Managing your circadian rhythm is one of the most significant things you can do to stay awake all day. Circadian rhythms are mental, physical, and behavioral changes that occur over a 24-hour period.
Think of your circadian rhythm as an internal biological clock; if you typically wake up at a certain time every day, your body will register that habit and signal your brain to wake you up at that time.
This means that you can actually set your own circadian rhythm by keeping a consistent schedule and forming healthy habits! That being said, there are many different factors that play a role in setting your circadian rhythm.
For instance, the body can naturally make its own circadian rhythm based on external stimuli like sunlight. When the sun rises, the light signals your brain to wake you up. When the sun sets, the darkness signals your brain to begin producing melatonin, the hormone primarily responsible for inducing sleep.
The predominant genes that play a role in regulating your circadian rhythm are the Cryptochrome and Period genes. But how do they regulate your circadian rhythm?
I’m glad you asked! The Cryptochrome and Period genes regulate your circadian rhythm by coding for specific proteins that build up in the cell’s nucleus at night and become scarce during the day. Studies suggest that these proteins signal your brain to make you sleepy.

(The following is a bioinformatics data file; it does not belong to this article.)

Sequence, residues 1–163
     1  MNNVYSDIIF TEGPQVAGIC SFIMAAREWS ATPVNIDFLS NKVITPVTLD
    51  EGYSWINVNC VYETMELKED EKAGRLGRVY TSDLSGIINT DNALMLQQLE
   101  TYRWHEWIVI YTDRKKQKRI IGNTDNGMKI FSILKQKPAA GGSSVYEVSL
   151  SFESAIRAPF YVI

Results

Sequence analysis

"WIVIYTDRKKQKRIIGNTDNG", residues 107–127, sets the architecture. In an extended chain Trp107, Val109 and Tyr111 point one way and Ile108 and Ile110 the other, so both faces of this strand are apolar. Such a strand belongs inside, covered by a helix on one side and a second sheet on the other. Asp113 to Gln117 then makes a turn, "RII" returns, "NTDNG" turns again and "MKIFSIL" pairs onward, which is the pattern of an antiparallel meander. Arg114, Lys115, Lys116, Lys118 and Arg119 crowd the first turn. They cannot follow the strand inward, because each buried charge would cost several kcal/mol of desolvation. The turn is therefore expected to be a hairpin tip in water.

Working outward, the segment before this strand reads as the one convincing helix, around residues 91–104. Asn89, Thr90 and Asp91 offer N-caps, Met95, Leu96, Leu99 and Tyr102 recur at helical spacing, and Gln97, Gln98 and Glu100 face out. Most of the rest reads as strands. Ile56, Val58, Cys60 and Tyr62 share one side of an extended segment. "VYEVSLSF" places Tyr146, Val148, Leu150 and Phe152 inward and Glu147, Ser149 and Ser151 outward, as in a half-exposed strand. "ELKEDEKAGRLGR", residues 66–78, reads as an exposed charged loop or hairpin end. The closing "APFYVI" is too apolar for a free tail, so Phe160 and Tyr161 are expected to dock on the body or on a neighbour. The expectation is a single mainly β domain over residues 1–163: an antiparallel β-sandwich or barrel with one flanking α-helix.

Because your circadian rhythm is affected by both internal and external stimuli, you can actually self-regulate your circadian rhythm by getting exposure to certain external stimuli at specific times in the day.
In other words, if you want to set your internal biological clock to start waking you up earlier, you should consistently expose yourself to sunlight at an earlier time each day. You can train your brain to wake you up at the same time every day just by consistently exposing yourself to visible light at the time you want to start waking up!
That being said, there might be certain stimuli you expose yourself to throughout the day that affect your circadian rhythm without you even realizing it. For instance, your brain might confuse blue light from electronic devices with daylight.
Now that you know what a circadian rhythm is and how to regulate yours, let’s discuss how maintaining a consistent routine can help you quit napping during the day.